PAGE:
Tax and superannuation literacy: Australian and New Zealand perspectives

Chardon, Toni and Brimble, Mark and Freudenberg, Brett (2016) Tax and superannuation literacy: Australian and New Zealand perspectives. New Zealand Journal of Taxation Law and Policy, 22. pp. 327-345. ISSN 1322-4417


The Australian and New Zealand governments both recognise the economic and social importance of building a financially capable population. In Australia this is recognised through the National Financial Literacy Strategy and in New Zealand through the National Strategy for Financial Capability.1 Both strategies define financial literacy (or capability) as the ability to make informed judgements and effective decisions regarding the use and management of money. One of the main aims of increasing the overall financial literacy of populations is creating an environment where consumers have the knowledge, skills and confidence to protect themselves from financial risk. It is argued that taxation consequences often play an important role in investment decisions and are also a major reason why people seek assistance and advice from professionals. Australian research has found that there are basic concepts of tax and superannuation that are important in the context of overall financial literacy and that there are specific aspects that potentially affect financial decision making which are poorly understood.2
There are a number of fundamental differences in tax and retirement policy between Australia and New Zealand, including that New Zealanders with only salary and wage income are not required to lodge a tax return, that the main superannuation scheme (KiwiSaver) is optional, and that there is broadly no capital gains tax. However, in the context of financial decision making, there are also a number of similarities, particularly in relation to the availability of particular tax concessions for families, those with children, on lower incomes and also in relation to Government provisions for retirement. Much like Australian research, financial capability measures in New Zealand have previously found there may be gaps in the understanding of particular aspects of superannuation but that the targeted approach to building capability appears to be increasing this understanding, particularly in relation to New Zealand superannuation.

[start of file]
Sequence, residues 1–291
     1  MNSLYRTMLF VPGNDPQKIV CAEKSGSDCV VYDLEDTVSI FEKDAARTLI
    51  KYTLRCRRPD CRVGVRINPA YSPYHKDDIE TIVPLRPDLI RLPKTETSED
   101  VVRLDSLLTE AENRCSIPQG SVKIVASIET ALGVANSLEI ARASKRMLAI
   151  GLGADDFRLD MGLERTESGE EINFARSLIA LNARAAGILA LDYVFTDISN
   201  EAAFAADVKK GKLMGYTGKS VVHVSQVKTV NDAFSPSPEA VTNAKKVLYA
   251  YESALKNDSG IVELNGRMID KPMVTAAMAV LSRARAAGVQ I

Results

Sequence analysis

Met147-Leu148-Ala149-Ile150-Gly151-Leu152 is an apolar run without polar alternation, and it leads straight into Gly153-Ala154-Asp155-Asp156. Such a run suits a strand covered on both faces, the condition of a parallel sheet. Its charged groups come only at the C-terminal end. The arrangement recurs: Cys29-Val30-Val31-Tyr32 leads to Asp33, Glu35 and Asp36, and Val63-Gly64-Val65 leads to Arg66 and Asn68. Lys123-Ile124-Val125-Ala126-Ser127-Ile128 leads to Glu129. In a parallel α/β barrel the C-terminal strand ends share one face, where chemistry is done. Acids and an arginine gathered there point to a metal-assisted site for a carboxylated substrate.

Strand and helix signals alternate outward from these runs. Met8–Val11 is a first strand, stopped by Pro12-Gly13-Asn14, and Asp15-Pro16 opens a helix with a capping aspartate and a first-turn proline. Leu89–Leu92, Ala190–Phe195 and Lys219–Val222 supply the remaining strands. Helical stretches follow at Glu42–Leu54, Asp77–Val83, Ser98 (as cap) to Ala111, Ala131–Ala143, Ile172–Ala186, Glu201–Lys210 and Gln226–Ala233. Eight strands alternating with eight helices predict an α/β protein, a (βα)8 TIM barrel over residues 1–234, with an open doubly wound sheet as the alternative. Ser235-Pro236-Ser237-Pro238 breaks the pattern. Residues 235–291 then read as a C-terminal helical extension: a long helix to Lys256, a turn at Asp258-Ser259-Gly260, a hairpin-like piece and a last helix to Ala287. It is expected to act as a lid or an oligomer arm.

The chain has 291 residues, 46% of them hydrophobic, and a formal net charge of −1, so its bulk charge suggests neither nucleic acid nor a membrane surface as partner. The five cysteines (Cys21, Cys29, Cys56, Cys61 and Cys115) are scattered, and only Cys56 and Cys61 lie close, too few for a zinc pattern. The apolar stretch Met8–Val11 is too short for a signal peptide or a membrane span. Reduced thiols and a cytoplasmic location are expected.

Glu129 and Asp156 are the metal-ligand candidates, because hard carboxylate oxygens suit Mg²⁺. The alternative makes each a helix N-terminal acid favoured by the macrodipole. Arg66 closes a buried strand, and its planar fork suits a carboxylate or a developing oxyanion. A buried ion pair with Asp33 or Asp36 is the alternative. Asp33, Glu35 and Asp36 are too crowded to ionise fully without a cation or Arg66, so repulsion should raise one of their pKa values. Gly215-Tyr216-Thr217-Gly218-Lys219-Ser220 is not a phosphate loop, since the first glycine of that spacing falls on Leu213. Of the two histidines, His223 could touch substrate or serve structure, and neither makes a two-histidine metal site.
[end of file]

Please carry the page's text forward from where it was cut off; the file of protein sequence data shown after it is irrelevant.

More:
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Item Type: Article (Commonwealth Reporting Category C)
Refereed: Yes
Item Status: Live Archive
Additional Information: Permanent restricted access to Published verison, in accordance with the copyright policy of the publisher. Article originally presented at the 28th Australasian Tax Teachers Association Conference: Tax and Time Travel - Looking Backwards and Looking Forwards, Sydney, 20-22 Jan 2016.
Faculty/School / Institute/Centre: Current - Faculty of Business, Education, Law and Arts - School of Law and Justice (1 Jul 2013 -)
Faculty/School / Institute/Centre: Current - Faculty of Business, Education, Law and Arts - School of Law and Justice (1 Jul 2013 -)
Date Deposited: 23 Feb 2017 00:02
Last Modified: 23 Feb 2017 00:02
Uncontrolled Keywords: financial literacy, tax literacy, taxation policy, new Zealand tax policy
Fields of Research (2008): 18 Law and Legal Studies > 1801 Law > 180125 Taxation Law
Fields of Research (2020): 48 LAW AND LEGAL STUDIES > 4801 Commercial law > 480106 Taxation law
Socio-Economic Objectives (2008): C Society > 94 Law, Politics and Community Services > 9499 Other Law, Politics and Community Services > 949999 Law, Politics and Community Services not elsewhere classified

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